One of the Israel Museum's biggest patrons, American billionaire Michael Steinhardt, approached the flagship Israeli art institution in 2007 with an artifact he had recently bought: a 2,200-year-old Greek text carved into limestone.I have been following the Steinhardt saga, but have not posted on it until now. This is the first time it has overlapped with PaleoJudaica's interests. You can read the full story, for example, in this Live Science article by Ben Turner: Billionaire hands over $70 million of stolen artifacts. The haul includes stone death masks and a chest for human remains. Executive summary:
But shortly after it went on display, an expert noticed something odd—two chunks of text found a year earlier during a dig near Jerusalem fit the limestone slab like a jigsaw puzzle. It soon became clear that Steinhardt's tablet came from the same cave where the other fragments were excavated.
Last month, Steinhardt surrendered the piece, known as the Heliodorus Stele, and 179 other artifacts valued at roughly $70 million as part of a landmark deal with the Manhattan District Attorney's office to avoid prosecution. Eight Neolithic masks loaned by Steinhardt to the Israel Museum for a major exhibition in 2014 were also seized under the deal, including two that remain exhibited at the museum.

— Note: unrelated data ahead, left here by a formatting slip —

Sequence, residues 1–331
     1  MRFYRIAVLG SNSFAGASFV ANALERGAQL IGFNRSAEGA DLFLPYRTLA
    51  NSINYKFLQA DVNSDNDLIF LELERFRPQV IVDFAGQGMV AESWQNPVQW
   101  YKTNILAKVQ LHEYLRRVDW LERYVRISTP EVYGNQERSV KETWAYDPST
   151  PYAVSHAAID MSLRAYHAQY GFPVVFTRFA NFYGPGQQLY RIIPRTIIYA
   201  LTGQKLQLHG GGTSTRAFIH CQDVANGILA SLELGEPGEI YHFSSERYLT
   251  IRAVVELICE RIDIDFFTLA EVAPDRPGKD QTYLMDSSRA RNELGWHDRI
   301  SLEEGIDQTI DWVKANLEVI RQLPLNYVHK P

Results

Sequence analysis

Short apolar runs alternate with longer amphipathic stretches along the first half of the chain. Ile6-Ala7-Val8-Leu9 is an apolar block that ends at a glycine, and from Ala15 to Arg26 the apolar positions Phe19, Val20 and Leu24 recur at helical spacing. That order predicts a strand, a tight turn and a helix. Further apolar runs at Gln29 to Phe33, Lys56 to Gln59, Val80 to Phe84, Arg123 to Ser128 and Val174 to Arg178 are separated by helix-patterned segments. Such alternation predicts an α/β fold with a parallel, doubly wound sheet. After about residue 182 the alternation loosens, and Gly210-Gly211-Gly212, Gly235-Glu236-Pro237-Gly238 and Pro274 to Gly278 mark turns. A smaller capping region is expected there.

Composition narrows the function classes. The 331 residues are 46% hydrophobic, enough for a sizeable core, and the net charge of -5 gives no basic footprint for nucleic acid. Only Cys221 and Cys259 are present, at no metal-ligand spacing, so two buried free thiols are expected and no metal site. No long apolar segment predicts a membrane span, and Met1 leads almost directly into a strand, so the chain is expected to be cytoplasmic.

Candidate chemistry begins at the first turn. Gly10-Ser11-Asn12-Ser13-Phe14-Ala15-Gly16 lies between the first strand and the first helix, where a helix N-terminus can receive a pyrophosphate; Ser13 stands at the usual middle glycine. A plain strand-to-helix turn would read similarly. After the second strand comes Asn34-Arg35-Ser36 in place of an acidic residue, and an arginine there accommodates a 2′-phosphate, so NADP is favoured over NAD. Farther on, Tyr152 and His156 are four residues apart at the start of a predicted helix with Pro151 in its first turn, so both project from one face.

A billionaire hedge-fund manager has surrendered 180 stolen artifacts worth $70 million and has received a lifetime ban on acquiring more relics as part of a deal struck with the Manhattan district attorney's office.No one is accusing the Israel Museum of any wrongdoing. According to the PhysOrg article, the Manhattan DA says that the three objects still on display "are 'effectively seized in place.'" The DA "has opened talks with Israel to coordinate the return of" some artifacts.
As for the artifacts discussed in the current article, I posted on the Heliodorus inscription here, here, here, and here. By the end of 2009 it was clear that it was genuine, after fragments of it were excavated at Maresha. There were also serious concerns by then about whether it had been looted. The Greek City Times has an article on this object: US billionaire’s stolen ancient Greek Heliodorus Stele remain on display at Israel Museum. The other two surrended artifacts still on display there are the abovementioned neolithic masks.
I don't think I knew about the Royal Moabite Inscription loaned to the Israel Museum by Steinhardt. It is on display at the Israel Museum, but is not part of the Mahattan DA's looting investigation.
The best-known Moabite inscription is, of course, the Mesha Stele (or Moabite stone), on which PaleoJudaica has many posts. Another fragment of a lapidary inscription in Moabite was found in El-Kerak in 1958. It is in the Jordan Archaeological Museum. And 2019 saw the publication of an inscribed Moabite altar that was excavated in Jordan.
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